quarta-feira, 9 de março de 2016

The refugees "are real people and they're dying to make this trip"

Every day, from 1 January 2016, 2000 people to the Greek coast. At this rate, it is expected that the number of people arriving to this country coming by sea from January 2015 to mid March 2016, reaching the million.

After waiting for days off the coast of Turkey, right there alongside the refugees leave in boats. The number of women and children, often babies are increasing. The number of passenger is big, and small vessels, which increases the risk of these turned and, consecutively, from drowning.

According to the international organisation for migration, about 130,000 people arrived by sea to Greece and Italy, this year alone. 418 people died or are missing.

The Greece exceeds, wide, Italy, crossing the Mediterranean, departing from Libya, can be more dangerous than that of the Aegean ...

Still, the number of dead at the beginning of 2016 is slightly lower than in the same period in 2015. Nevertheless, in the first 9 weeks this year 77 children died in the Aegean Sea, which means more than one death per day.

The drama continues three months after Turkey committed itself to help the European Union to face the worst crisis in its territory since 1945 migration. But maybe Ankara needs help also to deal with the more than 700,000 million Syrians who are refugees in the country.

The main destination of refugees is the Germany that is bursting at the seams due to the number o f refugees has received, not counting those who are going to get, and, therefore, stem the flow of migration in Turkey. Chancellor Merkel met with the Turkish Prime Minister Ahmet Davutoglu in Ankara, February 08. Three days after NATO gave the green light to a surveillance operation in the Aegean:

"We don't want to stop or push the boats of refugees. NATO will contribute with sensitive information and help to combat human trafficking and criminal networks, "said the Secretary General of NATO, Jens Stoltenberg.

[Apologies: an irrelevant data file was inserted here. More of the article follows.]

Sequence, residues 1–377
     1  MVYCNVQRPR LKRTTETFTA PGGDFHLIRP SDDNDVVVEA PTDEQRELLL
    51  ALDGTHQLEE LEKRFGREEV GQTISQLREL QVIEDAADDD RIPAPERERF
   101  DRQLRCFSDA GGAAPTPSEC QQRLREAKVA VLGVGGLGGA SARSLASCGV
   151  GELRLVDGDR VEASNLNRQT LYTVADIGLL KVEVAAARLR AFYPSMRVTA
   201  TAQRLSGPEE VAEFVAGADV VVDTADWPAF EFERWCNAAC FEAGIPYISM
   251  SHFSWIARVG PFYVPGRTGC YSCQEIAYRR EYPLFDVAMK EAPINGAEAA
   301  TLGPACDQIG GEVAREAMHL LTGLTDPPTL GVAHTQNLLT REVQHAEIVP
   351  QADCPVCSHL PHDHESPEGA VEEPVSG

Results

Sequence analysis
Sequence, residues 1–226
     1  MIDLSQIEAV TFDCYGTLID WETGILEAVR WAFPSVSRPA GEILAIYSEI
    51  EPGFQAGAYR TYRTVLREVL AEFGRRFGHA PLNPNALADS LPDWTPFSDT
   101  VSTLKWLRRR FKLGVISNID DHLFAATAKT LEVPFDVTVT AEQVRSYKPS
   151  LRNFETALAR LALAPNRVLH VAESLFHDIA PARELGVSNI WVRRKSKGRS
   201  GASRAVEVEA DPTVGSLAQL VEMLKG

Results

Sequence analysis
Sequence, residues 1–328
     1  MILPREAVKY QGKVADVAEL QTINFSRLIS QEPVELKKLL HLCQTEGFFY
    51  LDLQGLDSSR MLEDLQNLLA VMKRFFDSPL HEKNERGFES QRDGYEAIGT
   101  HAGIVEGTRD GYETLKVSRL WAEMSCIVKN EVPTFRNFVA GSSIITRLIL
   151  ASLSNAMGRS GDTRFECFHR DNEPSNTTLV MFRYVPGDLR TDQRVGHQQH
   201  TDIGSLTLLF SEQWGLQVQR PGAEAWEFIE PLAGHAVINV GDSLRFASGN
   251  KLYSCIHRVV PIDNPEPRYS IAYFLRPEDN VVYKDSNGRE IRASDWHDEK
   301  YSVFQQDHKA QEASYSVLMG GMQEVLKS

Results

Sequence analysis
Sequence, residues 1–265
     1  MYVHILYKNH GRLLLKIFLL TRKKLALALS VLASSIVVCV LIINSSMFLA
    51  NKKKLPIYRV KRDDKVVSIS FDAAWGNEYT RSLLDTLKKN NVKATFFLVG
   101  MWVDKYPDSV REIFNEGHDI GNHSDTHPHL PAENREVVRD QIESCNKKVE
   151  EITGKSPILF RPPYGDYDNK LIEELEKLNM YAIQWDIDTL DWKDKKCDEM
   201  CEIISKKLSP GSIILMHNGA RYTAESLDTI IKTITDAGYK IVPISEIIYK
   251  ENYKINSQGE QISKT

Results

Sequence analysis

The NATO mission will be held in cooperation with the coast guard. But, for now, the three ships sent are not yet in Turkish territorial waters. Await authorization from Ankara that Turkey go saying that's not holding up the mission. The issue of the area of operations is very sensitive for Turkey a nd Greece whose backs are sometimes only ten kilometres.

Can you give us a sense of the specific challenges faced by search and rescue teams in the South and East of the Mediterranean?

Bruce Reid:

I think what we are seeing in the Mediterranean, is something unprecedented, maritime search and rescue operations, a large number of people, who try to cross the sea in unstable vessels, typically burdened and which are really taking the rescue services to the limit.


Want to help Governments and institutions to work together on the issue of ransom. T his must be done in a legal context. How hard it will be to get it?

Bruce Reid:

People need to be aware, in particular, non-governmental organizations that have flocked to these waters, that a country is responsible for these waters. He has the legal responsibility for search and rescue and maritime space, so any activity performed must be coordinated within the framework of these structures and it is in this area that we are working with NGOs to ensure that are closely connected to the Hellenic Coast Guard, who understands what they're doing.

They try to work in a professional manner, that's the key. We need to ensure that rescue teams are kept safe, but also who is being rescued.


There is a strong argument that the resources should be channelled to cut the problem in the bud and not to be applied in rescue operations.

Bruce Reid:

Our goal is to make sure that, if these people continue to cross the sea â€" and we hope, probably up to one million this year, which will come through the Aegean sea â€" we want to make sure that there is a capacity to respond when people are in danger.

Therefore, we are conducting a mission with our NGOs to help develop the responsiveness of the Greek rescue teams. We are looking for a donation of 10 to 12 boats, for the next 12 mo nths, with training equipment, so that these communities can respond.


With the almost daily images of what's happening in the Greek border and in France will have the difficult situation of trying to cross by sea ceased to be a priority?

Bruce Reid:

That's the big risk because, at the moment, we're not hearing about the number of people who are rescued in the Mediterranean. We need to stay focused, that's why we're working together with NGOs to go down there, help improve the ability of search and rescue services and volunteers on the ground.

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